“It was a good story, that of yours,” said Beorn, “but I like it still better now I am sure it is true. You must forgive my not taking your word. If you lived near the edge of Mirkwood, you would take the word of no one that you did not know as well as your brother or better. As it is, I can only say that I have hurried home as fast as I could to see that you were safe, and to offer you any help that I can. I shall think more kindly of dwarves after this. Killed the Great Goblin, killed the Great Goblin!” he chuckled fiercely to himself.
“What did you do with the goblin and the Warg?” asked Bilbo suddenly.
“Come and see!” said Beorn, and they followed round the house. A goblin's head was stuck outside the gate and a warg-skin was nailed to a tree just beyond. Beorn was a fierce enemy. But now he was their friend, and Gandalf thought it wise to tell him their whole story and the reason of their journey, so that they could get the most help he could offer.
This is what he promised to do for them. He would provide ponies for each of them, and a horse for Gandalf, for their journey to the forest, and he would lade them with food to last them for weeks with care, and packed so as to be as easy as possible to carry-nuts, flour, sealed jars of dried fruits, and red earthenware pots of honey, and twice-baked cakes that would keep good a long time, and on a little of which they could march far. The making of these was one of his secrets; but honey was in them, as in most of his foods, and they were good to eat, though they made one thirsty. Water, he said, they would not need to carry this side of the forest, for there were streams and springs along the road. “But your way through Mirkwood is dark, dangerous and difficult,” he said. “Water is not easy to find there, nor food. The time is not yet come for nuts (though it may be past and gone indeed before you get to the other side), and nuts are about all that grows there fit for food; in there the wild things are dark, queer, and savage. I will provide you with skins for carrying water, and I will give you some bows and arrows. But I doubt very much whether anything you find in Mirkwood will be wholesome to eat or to drink. There is one stream there, I know, black and strong which crosses the path. That you should neither drink of, nor bathe in; for I have heard that it carries enchantment and a great drowsiness and forgetfulness. And in the dim shadows of that place I don't think you will shoot anything, wholesome or unwholesome, without straying from the path. That you MUST NOT do, for any reason. “That is all the advice I can give you. Beyond the edge of the forest I cannot help you much; you must depend on your luck and your courage and the food I send with you. At the gate of the forest I must ask you to send back my horse and my ponies. But I wish you all speed, and my house is open to you, if ever you come back this way again.”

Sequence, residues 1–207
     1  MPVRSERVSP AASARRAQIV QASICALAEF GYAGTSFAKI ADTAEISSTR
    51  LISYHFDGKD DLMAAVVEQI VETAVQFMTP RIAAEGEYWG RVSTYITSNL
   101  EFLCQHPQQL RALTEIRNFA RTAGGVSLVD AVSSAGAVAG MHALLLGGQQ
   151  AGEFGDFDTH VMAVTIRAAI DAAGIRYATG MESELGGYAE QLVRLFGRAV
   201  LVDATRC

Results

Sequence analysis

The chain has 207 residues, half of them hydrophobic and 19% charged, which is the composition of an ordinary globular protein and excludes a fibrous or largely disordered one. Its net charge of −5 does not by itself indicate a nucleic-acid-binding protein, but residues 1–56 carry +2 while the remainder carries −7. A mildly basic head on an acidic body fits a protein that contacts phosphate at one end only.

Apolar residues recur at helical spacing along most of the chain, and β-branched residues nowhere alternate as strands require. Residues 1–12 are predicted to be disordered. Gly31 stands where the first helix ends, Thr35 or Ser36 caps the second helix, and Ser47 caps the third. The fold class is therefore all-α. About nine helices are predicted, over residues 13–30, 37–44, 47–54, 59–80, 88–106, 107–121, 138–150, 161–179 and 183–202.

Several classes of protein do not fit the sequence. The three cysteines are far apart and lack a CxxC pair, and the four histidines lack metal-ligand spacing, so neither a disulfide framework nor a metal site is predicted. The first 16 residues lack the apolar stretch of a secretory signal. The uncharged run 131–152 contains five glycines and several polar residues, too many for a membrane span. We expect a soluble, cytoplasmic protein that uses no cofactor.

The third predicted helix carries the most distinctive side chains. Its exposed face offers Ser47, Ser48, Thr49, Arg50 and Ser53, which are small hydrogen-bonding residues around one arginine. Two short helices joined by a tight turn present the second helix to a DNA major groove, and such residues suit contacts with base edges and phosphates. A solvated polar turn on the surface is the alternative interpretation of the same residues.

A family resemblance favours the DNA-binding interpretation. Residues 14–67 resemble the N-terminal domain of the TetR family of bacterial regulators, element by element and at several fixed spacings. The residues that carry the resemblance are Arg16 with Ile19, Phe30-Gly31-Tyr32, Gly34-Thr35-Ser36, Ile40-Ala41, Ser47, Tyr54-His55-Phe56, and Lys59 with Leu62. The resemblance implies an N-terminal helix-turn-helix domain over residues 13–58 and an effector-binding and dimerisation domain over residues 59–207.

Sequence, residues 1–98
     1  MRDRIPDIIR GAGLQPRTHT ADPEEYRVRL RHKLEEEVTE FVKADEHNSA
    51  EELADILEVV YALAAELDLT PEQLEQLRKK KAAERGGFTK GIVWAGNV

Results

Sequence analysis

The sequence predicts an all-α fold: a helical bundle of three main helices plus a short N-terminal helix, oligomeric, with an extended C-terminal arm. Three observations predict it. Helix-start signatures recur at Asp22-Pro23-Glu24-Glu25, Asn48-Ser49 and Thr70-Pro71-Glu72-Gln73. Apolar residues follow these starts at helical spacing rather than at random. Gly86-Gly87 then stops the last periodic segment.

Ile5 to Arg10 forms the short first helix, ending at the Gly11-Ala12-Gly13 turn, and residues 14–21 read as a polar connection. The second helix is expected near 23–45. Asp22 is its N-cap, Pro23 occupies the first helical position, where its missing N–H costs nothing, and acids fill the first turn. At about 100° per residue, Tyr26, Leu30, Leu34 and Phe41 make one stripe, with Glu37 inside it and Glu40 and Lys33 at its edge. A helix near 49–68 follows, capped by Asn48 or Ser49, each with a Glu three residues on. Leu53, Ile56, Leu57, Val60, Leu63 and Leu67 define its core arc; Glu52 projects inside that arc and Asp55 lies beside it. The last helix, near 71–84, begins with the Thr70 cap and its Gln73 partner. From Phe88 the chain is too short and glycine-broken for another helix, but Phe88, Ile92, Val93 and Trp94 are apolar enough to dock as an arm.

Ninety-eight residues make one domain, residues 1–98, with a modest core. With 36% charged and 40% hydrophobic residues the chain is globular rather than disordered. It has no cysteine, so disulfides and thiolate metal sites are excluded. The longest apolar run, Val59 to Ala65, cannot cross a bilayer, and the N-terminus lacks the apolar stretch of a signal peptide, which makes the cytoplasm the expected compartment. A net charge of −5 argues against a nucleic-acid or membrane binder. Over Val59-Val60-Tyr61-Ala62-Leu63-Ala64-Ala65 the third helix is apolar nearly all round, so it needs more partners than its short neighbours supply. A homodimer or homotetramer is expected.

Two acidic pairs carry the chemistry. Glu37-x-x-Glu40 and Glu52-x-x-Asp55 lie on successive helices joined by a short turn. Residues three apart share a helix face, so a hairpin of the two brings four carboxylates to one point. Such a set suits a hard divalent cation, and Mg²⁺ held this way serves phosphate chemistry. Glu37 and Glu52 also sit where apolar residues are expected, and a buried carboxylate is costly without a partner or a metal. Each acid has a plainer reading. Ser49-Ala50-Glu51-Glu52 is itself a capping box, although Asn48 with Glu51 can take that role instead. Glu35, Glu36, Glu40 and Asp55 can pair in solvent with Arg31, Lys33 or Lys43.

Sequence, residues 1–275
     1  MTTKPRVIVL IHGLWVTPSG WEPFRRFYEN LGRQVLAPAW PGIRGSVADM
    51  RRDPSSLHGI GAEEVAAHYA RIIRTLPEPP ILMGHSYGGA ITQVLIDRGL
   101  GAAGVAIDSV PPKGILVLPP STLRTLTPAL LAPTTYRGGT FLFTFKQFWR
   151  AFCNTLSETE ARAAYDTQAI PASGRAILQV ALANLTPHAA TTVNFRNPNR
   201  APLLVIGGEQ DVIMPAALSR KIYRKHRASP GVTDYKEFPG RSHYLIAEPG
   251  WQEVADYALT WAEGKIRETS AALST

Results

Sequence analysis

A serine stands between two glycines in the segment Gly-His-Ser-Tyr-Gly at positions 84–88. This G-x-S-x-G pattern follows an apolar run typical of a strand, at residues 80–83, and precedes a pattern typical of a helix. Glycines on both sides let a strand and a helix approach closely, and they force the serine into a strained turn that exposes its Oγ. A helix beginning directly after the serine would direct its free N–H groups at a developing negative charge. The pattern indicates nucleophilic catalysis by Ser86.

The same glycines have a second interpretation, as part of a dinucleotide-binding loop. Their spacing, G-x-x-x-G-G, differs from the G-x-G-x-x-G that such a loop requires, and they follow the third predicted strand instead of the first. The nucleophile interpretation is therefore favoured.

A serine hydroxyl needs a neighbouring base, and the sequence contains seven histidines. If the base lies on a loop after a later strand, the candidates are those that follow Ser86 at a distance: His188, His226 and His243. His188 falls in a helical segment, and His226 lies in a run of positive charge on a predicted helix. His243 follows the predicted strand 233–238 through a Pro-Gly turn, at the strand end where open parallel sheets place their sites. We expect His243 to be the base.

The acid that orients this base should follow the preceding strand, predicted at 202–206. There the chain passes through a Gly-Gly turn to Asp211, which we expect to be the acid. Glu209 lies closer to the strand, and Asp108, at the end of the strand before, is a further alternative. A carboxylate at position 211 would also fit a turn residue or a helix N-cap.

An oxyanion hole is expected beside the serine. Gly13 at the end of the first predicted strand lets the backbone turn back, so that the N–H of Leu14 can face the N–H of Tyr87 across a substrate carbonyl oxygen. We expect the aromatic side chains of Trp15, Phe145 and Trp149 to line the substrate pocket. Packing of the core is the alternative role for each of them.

2014-07-19 18:44